- john cribbs, 8/18/11.



bobcat goldthwait, 1991.

If you like:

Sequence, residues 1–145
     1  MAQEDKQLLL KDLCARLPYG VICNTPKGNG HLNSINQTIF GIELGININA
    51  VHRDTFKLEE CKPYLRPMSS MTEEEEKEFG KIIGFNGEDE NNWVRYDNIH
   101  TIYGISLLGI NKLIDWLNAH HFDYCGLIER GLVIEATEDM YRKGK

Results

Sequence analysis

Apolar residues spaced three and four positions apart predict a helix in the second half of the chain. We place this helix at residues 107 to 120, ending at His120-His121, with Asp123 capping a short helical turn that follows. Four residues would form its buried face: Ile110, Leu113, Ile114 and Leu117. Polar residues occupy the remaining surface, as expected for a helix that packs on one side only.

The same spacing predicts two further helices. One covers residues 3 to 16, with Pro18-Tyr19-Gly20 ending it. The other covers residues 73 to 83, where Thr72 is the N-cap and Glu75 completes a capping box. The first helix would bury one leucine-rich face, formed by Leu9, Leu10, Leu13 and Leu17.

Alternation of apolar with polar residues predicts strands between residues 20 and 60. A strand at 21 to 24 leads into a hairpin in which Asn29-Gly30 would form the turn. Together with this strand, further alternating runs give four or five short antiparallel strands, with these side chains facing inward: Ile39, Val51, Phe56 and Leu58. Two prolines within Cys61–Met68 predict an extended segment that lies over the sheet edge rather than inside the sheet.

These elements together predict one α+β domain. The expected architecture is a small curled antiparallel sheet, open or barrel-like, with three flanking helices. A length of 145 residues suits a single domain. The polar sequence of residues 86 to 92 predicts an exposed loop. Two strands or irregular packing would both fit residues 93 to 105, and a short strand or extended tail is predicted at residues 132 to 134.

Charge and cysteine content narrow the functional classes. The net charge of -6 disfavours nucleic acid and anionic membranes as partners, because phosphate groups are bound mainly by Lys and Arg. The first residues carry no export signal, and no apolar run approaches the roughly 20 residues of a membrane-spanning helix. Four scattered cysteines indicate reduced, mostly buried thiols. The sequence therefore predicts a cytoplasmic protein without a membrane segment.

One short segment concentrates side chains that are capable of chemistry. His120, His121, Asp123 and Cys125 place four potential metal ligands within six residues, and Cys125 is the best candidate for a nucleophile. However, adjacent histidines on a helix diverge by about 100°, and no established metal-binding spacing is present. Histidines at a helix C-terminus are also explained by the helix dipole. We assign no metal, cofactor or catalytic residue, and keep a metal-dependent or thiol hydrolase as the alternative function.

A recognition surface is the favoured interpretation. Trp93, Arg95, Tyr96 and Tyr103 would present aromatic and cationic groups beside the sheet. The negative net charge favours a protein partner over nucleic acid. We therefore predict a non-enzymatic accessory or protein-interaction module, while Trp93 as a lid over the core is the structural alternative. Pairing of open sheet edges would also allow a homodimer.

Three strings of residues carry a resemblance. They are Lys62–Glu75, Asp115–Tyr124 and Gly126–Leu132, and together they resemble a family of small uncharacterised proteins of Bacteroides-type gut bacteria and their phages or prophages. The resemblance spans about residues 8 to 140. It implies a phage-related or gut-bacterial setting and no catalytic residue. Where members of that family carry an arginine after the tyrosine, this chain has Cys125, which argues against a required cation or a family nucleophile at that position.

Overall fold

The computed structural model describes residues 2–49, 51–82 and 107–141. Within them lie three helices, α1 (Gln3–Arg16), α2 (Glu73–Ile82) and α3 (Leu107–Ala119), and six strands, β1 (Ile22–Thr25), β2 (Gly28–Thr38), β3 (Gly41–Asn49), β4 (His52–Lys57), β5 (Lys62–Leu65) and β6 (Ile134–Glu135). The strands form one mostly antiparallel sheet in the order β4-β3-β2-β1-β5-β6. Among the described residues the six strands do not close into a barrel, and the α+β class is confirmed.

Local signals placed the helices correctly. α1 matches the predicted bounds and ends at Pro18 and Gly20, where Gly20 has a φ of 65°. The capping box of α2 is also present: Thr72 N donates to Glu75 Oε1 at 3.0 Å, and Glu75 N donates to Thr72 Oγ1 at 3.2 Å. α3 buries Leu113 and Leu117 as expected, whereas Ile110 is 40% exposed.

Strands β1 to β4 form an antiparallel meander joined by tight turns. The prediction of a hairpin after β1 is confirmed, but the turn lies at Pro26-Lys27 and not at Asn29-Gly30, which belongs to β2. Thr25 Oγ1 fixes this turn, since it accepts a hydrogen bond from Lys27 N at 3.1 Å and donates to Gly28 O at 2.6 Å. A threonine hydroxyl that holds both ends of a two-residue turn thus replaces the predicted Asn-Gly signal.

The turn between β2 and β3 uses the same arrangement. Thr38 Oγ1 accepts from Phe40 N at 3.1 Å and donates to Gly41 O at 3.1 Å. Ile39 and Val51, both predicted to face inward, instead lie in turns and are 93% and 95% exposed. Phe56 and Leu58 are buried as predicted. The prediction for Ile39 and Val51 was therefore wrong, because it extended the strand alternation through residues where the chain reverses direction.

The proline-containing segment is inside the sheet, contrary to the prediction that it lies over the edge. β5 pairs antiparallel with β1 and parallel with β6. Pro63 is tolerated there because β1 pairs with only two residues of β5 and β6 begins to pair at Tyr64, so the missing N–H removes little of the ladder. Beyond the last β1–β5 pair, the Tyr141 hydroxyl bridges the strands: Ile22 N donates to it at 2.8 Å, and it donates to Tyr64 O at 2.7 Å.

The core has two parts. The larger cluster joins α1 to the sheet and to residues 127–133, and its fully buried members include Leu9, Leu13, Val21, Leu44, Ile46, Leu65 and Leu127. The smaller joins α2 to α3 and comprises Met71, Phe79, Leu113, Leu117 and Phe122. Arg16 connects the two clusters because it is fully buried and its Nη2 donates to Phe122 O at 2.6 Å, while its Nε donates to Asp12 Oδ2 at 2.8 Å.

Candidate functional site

Alcoholic clowns, Adam Sandler in small doses, Mr. Show jack-of-all-trades Tom Kenney as a villain, Bobcat Goldthwait: artist.